When I was growing up, one of the family legends from my maternal grandmother was that we were direct descendants of John Knox, the Reformer – the man who founded the Presbyterian Church in Scotland. This connection to a famous individual who was a contemporary of Mary Queen of Scots and Elizabeth the First was supposedly through my great, great, great-grandmother, Mary Emily Knox Kelsey (1801-1887). This was the first family history mystery that I debunked. And debunking my grandmother’s story was not a difficult task. It was a simple process of elimination.
John Knox, the Reformer, had five children – two sons by his first wife and three daughters by his second. His two sons died at an early age, both without issue. Therefore, he had no descendants who bore the last name Knox. The lines from two of his daughters have died out, leaving only the descendants of his youngest daughter, all of whom settled in colonial America and none of whom bear the last name Knox.
This mistake of claiming descent from John Knox the Reformer through a “Knox” line seems to be a common one. For example the Wikipedia article on James K. Polk mistakenly identifies John Knox the Reformer as one of the President Polk’s ancestors when it states: “His mother, Jane Polk (née Knox) was a descendant of the Scottish religious reformer John Knox.” She is actually a descendant of a man named John Knox who settled in North Carolina; not the Reformer.
Then about ten years ago, I discovered that I am the descendant of a man named John Knox (abt 1770-1846). Yet, I didn’t have to go very far to find him as he was the father of Mary Emily. This was proof that there was some truth to my grandmother’s story.
Mary Emily’s daughter, my great, great-grandmother, was named Henrietta Knox Kelsey Bannon (1838-1915). She was born and raised a Protestant on an estate called the Plantation located at Lisburn a few miles outside Belfast, County Antrim, Northern Ireland. Her first husband, my great great grandfather, Richard Bannon, was born and raised Roman Catholic. He grew up in Downpatrick, County Down, Northern Ireland. They were married twice – the first time in a Protestant ceremony in Belfast and then in a Roman Catholic ceremony at Louisville, Kentucky, which the Bishop of Covington officiated. As my grandmother told me, Richard would joke that even though Henrietta did not have a dowry worth more than £400, he married into the upper class when he married her. She was said to be Lace-curtained Irish.
The same thing could probably be said about the marriage of Henrietta’s parents. When William Kelsey married Mary Emily Knox, he was marrying into what was known as the Protestant Ascendancy – a term that refers to “the political, economic, and social domination of Ireland between the 17th century and the early 20th century by a minority of landowners, Protestant clergy, and members of the professions, all members of the Established Church (Church of Ireland or the Church of England).“
The Knox family came to Ireland by way of Scotland, and they were part of a group of Scots, who had rebelled against the Commonwealth of England, led by Oliver Cromwell. In defeat, they were forced by Cromwell to transplant to Northern Ireland to provide a Protestant buffer between England and the Catholic majority of Ireland.
According to the Wikipedia article on the Plantations of Ireland, it started before Cromwell:
“The plantation of Ulster began in the 1610s, during the reign of James I. Following their defeat in the Nine Years’ War, many rebel Ulster lords fled Ireland and their lands were confiscated. This was the biggest and most successful of the plantations and comprised most of the province of Ulster. While the province was mainly Irish-speaking and Catholic, the new settlers were required to be English-speaking and Protestant, with most coming from England and Scotland. This created a distinct Ulster Protestant community.”Plantations of Ireland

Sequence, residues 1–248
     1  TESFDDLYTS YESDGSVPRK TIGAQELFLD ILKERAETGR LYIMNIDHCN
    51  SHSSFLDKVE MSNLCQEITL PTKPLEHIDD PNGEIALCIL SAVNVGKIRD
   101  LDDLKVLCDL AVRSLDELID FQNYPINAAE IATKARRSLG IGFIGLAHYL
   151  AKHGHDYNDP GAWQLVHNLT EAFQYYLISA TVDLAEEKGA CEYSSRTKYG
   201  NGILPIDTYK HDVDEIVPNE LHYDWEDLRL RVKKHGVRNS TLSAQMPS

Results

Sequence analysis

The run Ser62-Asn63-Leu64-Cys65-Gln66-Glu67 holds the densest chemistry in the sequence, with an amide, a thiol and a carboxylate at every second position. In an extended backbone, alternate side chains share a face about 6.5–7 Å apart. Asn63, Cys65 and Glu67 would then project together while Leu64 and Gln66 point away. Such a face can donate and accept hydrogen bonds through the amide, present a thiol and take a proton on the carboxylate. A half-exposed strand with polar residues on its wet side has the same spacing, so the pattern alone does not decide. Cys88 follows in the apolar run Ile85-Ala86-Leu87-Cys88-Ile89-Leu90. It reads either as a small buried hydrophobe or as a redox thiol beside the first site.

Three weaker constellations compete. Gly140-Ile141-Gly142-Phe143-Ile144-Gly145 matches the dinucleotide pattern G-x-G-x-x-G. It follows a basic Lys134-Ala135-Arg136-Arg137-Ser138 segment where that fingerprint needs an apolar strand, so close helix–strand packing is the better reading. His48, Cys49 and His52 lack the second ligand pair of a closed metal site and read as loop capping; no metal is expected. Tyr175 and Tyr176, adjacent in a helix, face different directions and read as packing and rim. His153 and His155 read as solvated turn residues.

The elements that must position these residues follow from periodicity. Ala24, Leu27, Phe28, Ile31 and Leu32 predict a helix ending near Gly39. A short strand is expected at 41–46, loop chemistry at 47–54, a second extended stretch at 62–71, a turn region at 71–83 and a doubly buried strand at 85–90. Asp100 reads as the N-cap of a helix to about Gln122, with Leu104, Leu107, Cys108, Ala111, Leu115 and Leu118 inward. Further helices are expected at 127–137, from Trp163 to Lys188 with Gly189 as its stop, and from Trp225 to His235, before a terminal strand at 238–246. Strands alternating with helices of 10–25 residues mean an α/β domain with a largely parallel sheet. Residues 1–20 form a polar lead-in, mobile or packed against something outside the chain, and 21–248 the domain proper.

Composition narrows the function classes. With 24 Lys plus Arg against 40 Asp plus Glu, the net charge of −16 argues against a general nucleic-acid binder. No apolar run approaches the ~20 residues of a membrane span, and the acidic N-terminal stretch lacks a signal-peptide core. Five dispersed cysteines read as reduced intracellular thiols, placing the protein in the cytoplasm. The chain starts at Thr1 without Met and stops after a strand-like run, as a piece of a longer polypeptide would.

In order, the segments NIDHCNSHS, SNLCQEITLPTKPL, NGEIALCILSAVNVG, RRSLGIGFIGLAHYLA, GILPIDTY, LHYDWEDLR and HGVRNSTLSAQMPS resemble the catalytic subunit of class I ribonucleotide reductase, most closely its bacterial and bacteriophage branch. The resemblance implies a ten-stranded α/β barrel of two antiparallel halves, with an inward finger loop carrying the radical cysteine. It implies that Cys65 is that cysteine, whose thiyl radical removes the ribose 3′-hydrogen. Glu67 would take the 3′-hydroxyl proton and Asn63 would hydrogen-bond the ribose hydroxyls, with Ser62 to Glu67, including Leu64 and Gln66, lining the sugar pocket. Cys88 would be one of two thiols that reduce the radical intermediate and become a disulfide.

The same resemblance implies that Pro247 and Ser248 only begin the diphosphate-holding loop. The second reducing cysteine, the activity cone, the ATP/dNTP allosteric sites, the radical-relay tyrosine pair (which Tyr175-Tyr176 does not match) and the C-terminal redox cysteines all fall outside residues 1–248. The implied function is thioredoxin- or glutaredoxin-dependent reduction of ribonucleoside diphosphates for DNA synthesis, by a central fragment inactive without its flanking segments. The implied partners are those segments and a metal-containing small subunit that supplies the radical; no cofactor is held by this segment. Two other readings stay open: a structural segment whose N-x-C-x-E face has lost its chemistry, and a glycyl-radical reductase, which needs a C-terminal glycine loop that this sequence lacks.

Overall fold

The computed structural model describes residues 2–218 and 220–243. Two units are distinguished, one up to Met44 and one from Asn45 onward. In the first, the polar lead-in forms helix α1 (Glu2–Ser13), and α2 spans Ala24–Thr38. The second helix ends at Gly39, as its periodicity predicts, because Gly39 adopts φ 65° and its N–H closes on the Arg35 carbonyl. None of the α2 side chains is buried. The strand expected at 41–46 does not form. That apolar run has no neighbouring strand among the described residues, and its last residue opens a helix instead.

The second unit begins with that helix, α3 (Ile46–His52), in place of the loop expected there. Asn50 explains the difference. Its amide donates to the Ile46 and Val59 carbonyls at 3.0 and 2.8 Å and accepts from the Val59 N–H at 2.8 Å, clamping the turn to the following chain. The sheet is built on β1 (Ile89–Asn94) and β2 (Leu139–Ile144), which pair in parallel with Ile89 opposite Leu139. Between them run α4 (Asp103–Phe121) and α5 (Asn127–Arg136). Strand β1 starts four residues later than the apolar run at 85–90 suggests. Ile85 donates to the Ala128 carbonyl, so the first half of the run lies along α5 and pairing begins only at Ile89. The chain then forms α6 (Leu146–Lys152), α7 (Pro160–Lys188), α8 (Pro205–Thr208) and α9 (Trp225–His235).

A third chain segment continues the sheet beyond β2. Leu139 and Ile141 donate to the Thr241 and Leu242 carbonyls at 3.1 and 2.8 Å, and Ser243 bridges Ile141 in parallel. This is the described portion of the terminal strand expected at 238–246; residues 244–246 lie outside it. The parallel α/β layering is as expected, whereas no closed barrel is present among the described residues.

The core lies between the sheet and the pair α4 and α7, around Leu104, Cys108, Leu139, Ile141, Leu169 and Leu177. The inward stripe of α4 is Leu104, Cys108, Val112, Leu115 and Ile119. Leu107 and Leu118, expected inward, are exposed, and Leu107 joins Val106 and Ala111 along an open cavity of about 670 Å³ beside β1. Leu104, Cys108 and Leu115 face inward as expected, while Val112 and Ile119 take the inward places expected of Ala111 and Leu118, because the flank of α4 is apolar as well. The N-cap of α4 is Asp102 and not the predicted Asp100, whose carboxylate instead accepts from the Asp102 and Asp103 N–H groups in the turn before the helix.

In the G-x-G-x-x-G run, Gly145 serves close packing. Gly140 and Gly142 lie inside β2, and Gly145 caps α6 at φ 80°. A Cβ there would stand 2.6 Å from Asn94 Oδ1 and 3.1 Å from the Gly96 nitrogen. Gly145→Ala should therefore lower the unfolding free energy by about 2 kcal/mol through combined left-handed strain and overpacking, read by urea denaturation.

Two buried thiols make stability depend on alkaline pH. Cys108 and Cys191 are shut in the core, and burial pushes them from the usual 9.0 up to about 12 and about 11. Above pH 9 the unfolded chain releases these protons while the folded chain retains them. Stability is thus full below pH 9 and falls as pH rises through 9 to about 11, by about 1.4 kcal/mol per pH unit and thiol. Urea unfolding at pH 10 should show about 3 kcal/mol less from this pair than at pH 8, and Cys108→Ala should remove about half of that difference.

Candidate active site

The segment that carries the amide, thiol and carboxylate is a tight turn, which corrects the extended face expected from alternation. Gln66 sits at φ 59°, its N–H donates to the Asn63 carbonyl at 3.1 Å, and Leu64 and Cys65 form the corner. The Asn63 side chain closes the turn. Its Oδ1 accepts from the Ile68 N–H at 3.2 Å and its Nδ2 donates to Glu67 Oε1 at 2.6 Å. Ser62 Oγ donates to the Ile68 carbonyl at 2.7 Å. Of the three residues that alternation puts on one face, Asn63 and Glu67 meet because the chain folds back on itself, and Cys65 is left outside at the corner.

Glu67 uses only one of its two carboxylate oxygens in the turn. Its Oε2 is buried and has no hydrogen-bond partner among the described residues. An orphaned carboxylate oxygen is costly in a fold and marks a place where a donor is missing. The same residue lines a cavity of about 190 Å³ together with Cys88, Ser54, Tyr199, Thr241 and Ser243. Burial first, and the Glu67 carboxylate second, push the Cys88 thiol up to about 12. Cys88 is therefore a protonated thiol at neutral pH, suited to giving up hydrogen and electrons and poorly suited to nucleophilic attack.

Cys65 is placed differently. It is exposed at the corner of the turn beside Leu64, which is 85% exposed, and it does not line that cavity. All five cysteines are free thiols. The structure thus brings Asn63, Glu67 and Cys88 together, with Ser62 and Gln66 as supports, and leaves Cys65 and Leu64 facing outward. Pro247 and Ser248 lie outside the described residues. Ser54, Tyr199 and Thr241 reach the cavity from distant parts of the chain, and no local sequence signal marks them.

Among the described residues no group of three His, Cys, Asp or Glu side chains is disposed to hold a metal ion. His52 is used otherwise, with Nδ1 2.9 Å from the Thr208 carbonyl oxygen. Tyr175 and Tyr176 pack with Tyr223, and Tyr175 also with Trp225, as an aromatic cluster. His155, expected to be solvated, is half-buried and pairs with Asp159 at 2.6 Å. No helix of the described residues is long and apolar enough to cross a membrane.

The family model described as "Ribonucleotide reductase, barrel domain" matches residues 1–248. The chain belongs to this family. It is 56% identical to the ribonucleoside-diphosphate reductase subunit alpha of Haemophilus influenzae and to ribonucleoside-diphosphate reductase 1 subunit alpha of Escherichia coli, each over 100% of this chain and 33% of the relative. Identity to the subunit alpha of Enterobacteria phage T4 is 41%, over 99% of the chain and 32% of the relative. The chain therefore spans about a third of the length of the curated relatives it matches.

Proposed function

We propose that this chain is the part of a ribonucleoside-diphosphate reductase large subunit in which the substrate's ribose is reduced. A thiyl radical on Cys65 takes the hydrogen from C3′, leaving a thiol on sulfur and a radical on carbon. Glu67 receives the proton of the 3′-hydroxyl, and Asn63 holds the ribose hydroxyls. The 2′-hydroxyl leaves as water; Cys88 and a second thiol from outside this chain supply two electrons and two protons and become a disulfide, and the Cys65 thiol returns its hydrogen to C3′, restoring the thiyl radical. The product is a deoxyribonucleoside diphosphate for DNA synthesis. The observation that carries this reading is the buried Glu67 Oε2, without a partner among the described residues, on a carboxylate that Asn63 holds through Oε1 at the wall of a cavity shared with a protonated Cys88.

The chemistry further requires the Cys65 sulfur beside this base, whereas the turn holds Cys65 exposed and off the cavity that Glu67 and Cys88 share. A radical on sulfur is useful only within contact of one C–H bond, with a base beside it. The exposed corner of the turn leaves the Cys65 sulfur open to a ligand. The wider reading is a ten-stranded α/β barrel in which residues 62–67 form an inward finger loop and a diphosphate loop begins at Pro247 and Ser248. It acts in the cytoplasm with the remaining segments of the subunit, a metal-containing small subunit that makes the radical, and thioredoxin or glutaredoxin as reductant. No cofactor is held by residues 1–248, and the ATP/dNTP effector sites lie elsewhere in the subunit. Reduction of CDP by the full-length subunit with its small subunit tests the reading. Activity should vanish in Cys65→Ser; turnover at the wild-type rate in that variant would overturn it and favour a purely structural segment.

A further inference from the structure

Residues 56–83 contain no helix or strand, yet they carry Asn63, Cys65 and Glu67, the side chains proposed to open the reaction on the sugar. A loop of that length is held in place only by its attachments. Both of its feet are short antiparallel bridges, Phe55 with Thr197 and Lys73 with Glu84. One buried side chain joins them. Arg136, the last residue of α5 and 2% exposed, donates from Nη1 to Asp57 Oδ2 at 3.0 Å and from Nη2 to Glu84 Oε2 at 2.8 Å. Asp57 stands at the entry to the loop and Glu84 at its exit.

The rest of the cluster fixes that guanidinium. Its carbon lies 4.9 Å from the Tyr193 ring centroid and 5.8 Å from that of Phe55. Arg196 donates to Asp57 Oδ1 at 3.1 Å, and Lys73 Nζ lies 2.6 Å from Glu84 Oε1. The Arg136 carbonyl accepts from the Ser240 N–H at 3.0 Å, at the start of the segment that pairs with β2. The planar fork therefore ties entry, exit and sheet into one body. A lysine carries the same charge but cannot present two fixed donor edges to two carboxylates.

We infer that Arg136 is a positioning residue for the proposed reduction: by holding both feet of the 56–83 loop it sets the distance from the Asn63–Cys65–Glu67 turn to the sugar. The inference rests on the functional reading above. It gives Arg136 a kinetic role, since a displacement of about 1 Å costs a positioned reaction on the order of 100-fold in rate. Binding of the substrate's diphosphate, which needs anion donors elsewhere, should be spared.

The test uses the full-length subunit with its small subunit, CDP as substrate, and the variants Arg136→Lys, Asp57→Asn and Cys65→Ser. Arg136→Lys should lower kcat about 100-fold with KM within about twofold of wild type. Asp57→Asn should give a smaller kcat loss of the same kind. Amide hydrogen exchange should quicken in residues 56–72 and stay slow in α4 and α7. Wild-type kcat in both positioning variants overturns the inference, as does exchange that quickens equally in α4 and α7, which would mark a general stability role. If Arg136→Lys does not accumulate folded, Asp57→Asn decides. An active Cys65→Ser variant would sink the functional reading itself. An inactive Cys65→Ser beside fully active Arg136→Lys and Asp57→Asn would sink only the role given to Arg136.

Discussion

The estate that William Kelsey initially rented for several years before purchasing was named the Plantation, and this was a reference to the original owners having participated in the Plantation of Ulster.
Mary Emily grew up on an estate not far from the Plantation, and her father’s estate was named Maze House. Those who are familiar with the history of Northern Ireland should recognize the name Maze. Today, there is near Belfast, a town called Mazetown, and from 1971 to 2003, it was the home of a notorious detention center known as Her Majesty’s Prison Maze.
The research that I did on this family a decade ago was rather hastily prepared. It was one of the last things I worked on before publishing the second edition of Gathering Leaves. One of the things at the top of my to-do list is to clean up the research that I have done on the family of Mary Emily Knox.
I discovered last night while I was researching my Knox line, finding the death notices for both Mary Emily and her father, John Knox, Esq.
Belfast News-letter Tuesday, December 7, 1886
KELSEY — December 4, at the residence of her son, Mary Emily, relict of the late William Kelsey, Plantation, Lisburn. Funeral private.
Belfast News-letter, Friday, December 18, 1846
On the 16th inst., John Knox, Esq., of Maze House, in the 78th year of age.
Also, I discovered that Mary Emily’s maternal grandfather was a well-known Protestant minister, the Rev. George Augustus Rogers (1736-1812). I found death notice Mary Emily’s uncle, the Reverend George William Rogers.
Belfast News-letter, Wednesday, January 2, 1861
December 27, at Rower Rectory, New Ross, age 78 years, the Rev. George William Rogers, upwards of 20 years rector of Rower Parish, son of the late Rev. George Rogers rector of Cloneallen, Warrenpoint, and Chancellor of the diocese of Dromore.
Dromore, County Down, Northern Ireland, is where Mary Emily Knox was born.
There is much more to come, so watch this space.